The Supreme Court has accepted two challenges to the Affordable Care Act, or Obamacare, on Tuesday that question the government’s ability to compel for-profit companies with religious convictions to pay for birth-control coverage.
Richard A. Arenberg says the Senate’s action to limit filibusters has opened the door to ever-greater majority power, and endangers the Senate’s historic role in protecting of the privileges of a minority party.
Bruce Ackerman from Yale Law says Congress, and not President Obama, should debate and decide the matter of extending the American military presence in Afghanistan.
On Tuesday, the Supreme Court will debate, behind closed doors, if Americans should be forced to pay a sales tax on almost items they buy on the Internet.
Abigail Perkiss from Kean University looks at the practical consequences of the Supreme Court’s Voting Rights decision earlier this year, about a month after the first elections were held since the Shelby County decision was announced.
This table was provided by Lawrence O. Gostin, University Professor and Founding O’Neill Chair in Global Health Law, Georgetown University Law Center.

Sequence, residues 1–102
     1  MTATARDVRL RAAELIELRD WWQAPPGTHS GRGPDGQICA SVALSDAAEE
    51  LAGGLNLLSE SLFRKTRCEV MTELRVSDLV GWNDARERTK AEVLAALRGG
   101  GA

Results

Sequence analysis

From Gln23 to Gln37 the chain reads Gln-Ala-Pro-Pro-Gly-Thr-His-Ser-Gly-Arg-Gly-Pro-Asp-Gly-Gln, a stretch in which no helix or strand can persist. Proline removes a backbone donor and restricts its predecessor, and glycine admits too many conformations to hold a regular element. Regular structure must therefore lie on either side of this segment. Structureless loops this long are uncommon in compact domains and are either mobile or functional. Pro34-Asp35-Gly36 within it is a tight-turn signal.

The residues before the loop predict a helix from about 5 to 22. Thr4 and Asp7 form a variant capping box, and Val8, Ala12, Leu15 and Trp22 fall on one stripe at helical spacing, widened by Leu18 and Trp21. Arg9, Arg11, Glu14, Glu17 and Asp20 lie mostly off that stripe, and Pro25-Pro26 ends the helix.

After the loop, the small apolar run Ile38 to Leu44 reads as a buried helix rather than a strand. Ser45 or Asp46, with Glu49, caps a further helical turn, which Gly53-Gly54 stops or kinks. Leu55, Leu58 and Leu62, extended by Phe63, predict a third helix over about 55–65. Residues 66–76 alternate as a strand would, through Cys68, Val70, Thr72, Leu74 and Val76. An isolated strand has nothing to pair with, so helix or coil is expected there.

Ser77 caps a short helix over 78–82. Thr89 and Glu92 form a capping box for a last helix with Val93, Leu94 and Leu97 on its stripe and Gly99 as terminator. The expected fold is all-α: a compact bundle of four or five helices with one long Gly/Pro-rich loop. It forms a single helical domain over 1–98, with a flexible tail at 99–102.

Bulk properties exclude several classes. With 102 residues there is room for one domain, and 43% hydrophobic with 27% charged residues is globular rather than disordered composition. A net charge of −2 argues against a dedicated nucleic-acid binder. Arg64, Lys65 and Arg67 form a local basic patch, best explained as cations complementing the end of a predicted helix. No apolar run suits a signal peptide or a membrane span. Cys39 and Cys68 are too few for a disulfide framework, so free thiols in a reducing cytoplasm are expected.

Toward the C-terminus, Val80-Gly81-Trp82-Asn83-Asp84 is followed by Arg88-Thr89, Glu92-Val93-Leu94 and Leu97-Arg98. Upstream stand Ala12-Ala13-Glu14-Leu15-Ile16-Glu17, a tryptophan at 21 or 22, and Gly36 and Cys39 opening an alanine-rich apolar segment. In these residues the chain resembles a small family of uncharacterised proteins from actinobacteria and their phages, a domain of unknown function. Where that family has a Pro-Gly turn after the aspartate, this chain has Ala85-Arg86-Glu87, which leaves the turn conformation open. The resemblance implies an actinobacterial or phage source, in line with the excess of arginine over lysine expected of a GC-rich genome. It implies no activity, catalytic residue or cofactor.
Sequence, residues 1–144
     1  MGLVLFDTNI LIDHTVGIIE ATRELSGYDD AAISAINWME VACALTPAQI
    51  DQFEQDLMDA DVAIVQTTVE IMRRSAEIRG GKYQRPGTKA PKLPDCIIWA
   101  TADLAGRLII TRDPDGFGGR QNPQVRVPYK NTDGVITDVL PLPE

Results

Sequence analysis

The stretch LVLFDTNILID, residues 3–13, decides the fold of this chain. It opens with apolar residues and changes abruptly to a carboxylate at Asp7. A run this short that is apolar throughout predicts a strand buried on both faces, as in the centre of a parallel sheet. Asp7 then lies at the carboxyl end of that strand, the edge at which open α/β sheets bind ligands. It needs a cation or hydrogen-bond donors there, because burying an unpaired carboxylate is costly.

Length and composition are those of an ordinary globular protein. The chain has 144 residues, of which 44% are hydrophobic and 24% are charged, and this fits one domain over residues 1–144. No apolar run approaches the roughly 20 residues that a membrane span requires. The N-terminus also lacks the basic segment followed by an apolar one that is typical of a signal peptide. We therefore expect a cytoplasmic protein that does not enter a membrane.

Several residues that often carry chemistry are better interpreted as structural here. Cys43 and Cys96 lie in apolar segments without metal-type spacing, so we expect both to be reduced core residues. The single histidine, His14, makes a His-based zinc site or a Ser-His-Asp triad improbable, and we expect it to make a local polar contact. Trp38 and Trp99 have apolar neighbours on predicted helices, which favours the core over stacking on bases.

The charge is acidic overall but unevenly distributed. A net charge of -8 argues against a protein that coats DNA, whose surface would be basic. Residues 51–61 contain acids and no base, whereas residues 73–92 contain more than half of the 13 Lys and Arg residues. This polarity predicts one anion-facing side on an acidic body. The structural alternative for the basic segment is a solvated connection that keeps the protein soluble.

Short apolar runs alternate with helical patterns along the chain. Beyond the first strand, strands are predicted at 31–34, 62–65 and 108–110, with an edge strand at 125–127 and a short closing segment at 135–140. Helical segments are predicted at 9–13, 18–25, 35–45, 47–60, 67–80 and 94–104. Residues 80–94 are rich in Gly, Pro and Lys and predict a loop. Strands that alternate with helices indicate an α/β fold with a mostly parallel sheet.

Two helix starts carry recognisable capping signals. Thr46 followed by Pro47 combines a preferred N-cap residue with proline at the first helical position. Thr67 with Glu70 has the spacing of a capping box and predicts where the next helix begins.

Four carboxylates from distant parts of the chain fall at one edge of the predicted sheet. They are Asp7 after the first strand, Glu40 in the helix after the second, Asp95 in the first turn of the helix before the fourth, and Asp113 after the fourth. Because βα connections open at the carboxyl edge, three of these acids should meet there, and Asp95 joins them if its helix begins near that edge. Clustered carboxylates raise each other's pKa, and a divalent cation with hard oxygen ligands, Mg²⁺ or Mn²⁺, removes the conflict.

In a private conference on Tuesday, the nine Justices of the U.S. Supreme Court will consider four potential challenges to the Affordable Care Act, or Obamacare. Experts believe at least one case will be accepted by the Court, to be argued and decided in its current term.
In the commentary, David W. Wise argues that the Senate filibuster, in all its forms, is unconstitutional.
Do corporations have the same religious rights as individuals under the First Amendment when it comes to the Affordable Care Act? Michael McConnell and David H. Gans discuss this far-reaching question with the National Constitution Center’s Jeffrey Rosen in this special audio podcast.
Attorney Scott D. Reich says people should commemorate the 50th anniversary of President John F. Kennedy’s death by celebrating the values he so eloquently advanced.